Published Issue: Winter 2008
All apologies to the melancholic Jacques, Shakespeare’s life is a stage soliloquist in ‘As You Like It.’ Nobody understands a stage better or takes it with more enjoyable ferocity than the wild boy phenomenon of the Food Network, Guy Fieri.
Of course, all apologies also go to Guy for anyone mentioning Shakespeare in a story about him. It isn’t that Guy isn’t bright and worldly enough for the allusion; it is because he is virtually without guile. Jacques would get a good meal and a patient listen at one of Guy’s restaurants. He would eat too well and laugh too much to leave in a bad mood. Guy is a delight, a kid from next door who was brought up to understand the importance of working hard, and over the years melded an impossible work ethic with a passion for food.
Like most Californians, or at least those who don’t live in the towns where he already owned and ran successful restaurants, California Conversations first became aware of Guy when he overwhelmed the competition only by being himself in a contest to become the Next Food Network Star. Even one of his competitors said when she met him she thought only of a Billy Idol punk rocker. When it was over, she wanted him to walk her down the aisle.
In the two years since his victory, Guy has become the host of two shows-Diners, Drive-ins and Dives, and Guy’s Big Bite-and is the burgeoning network’s highest rated star.
We saw him in person, unexpectedly, for the first time when he boarded a crowded airplane. His wildly bleached blonde hair was spiked, he likes garish jewelry, his tattoos were visible beyond his colorful shirt and his hip hop shorts. He doesn’t shock. He does get your attention. He looked at a very staid businessman in a pinstripe suit, and said, “Hey bud, I’ve looked at everyone on this plane, and you are the person I want to sit next to.”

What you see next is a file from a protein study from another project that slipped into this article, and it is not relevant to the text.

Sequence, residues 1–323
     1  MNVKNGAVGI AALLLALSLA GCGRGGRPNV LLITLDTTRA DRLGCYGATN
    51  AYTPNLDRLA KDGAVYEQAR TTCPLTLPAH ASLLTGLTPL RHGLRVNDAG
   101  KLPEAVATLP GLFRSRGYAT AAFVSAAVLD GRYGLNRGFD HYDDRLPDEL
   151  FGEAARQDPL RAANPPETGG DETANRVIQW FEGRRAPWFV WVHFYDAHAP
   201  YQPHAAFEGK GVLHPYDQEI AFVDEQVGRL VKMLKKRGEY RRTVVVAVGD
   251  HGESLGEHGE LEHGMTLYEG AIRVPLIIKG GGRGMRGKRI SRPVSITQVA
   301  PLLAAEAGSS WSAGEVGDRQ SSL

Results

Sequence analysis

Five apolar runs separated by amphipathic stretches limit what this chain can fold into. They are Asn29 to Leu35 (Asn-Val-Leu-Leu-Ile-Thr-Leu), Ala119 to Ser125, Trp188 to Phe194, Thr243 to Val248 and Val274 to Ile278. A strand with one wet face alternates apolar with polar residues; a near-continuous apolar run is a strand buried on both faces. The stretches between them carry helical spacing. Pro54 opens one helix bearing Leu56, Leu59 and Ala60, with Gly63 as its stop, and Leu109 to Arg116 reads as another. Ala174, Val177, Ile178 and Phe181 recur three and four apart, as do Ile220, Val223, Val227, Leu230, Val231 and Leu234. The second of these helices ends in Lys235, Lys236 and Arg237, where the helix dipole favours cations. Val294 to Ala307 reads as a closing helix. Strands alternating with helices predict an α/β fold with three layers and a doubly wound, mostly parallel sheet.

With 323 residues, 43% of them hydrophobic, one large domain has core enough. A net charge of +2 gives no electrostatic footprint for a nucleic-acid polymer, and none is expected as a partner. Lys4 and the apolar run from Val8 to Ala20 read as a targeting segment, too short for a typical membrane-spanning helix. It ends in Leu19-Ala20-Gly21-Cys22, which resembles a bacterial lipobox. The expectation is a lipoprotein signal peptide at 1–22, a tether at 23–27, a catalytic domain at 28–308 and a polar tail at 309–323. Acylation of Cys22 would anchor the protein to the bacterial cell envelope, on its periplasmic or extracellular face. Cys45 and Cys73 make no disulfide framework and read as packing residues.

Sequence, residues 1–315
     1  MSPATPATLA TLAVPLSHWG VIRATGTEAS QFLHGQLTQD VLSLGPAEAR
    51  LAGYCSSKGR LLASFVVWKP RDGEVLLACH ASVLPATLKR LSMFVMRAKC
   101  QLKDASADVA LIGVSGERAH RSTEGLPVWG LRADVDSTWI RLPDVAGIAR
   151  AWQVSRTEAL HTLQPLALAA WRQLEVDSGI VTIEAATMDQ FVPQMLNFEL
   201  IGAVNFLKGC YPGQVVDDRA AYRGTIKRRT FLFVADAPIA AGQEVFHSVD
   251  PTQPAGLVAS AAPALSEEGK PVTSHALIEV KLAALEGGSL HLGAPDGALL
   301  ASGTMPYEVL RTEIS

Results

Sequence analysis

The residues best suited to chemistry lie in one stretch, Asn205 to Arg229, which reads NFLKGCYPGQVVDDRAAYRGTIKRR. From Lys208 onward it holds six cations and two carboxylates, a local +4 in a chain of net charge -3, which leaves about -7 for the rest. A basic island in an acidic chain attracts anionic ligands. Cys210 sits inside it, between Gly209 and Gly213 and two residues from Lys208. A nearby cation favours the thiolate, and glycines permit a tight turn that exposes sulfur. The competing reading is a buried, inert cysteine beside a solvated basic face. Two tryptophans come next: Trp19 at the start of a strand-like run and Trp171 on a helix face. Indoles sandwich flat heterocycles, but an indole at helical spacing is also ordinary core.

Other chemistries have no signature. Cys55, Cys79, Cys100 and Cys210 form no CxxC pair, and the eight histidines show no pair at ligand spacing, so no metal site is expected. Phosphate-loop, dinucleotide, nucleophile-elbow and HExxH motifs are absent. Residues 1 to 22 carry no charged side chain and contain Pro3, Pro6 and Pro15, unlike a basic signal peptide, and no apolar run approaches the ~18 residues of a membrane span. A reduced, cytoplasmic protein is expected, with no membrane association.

The businessman was taken aback. Like the rest of us sitting nearby, he was quickly charmed. Guy likes to laugh and brings everyone within reach into his light.
I met with Guy at one of his restaurants. It is a fun place for those who can’t decide if they want barbecue or sushi.
California Conversations: Tell us about the hair style.
Guy Fieri: I’ve had hair down the middle of my back. I’ve had the mullet. People have asked me, “Do you perm your hair?” I was in Vegas and a friend of mine shaved his head and wanted me to do the same thing. I called a friend and she said if you cut your hair and don’t let me cut it, I’ll never speak to you again. I flew home the next day. She said I’m bleaching it. I said cool. (laughs) I’ve got long, curly black hair one day and I go walking into the restaurant with bleached blonde spiky hair the next.
CC: How long ago was that?
GF: Seven years.
CC: You’ve kept the style since then?
GF: Oh no. I’ve been super short. I’ve been black. I’ve been burgundy. I’ve been all different colors. My wife likes my hair black, so I dyed it black for Christmas. (shrugs) I don’t want it to be all that I am. It’s like this thing with the jewelry. I always loved jewelry. My parents sold belt buckles. I always had these nice belt buckles when I was a kid.
CC: Does the look play well everywhere in the country?
GF: I’m just going by the beat of my own drum.
CC: I hate to make my first question about food a tough one, but I can remember when growing up there was no such thing as epidemic childhood obesity.
GF: The availability of food is far greater than it’s ever been. You used to only be able to get certain items at certain times of the year. We are in the land of excess. We have to be contemporary to get a handle on the fundamental issue that just because Coca-Cola is available, doesn’t mean you should drink it every day. I call it the food movement. Not slow food or fast food or any of that. I’m trying to empower children to learn how to cook. If we can teach a hungry kid how to make a peanut butter and jelly sandwich they are empowered to understand the direct correlation to an end result.
Diners, Drive-Ins and Dives takes Guy everywhere in the country. It is a phenomenally successful program for the Food Network.
CC: Diners, Drive-ins and Dives?
GF: It is hysterical.
CC: Do you just show up?
GF: We have an expectation of recipes. I gotta know what’s going on because I have to be able to highlight them. We shoot for about nine hours in a day. I love the show. It highlights America. You talk to these people, and you learn about them betting it all on the red.
CC: Have you followed up with people on the show to ask if it’s changed their business?
GF: Yes. Some of the letters will bring you to tears.
CC: Is the food always good?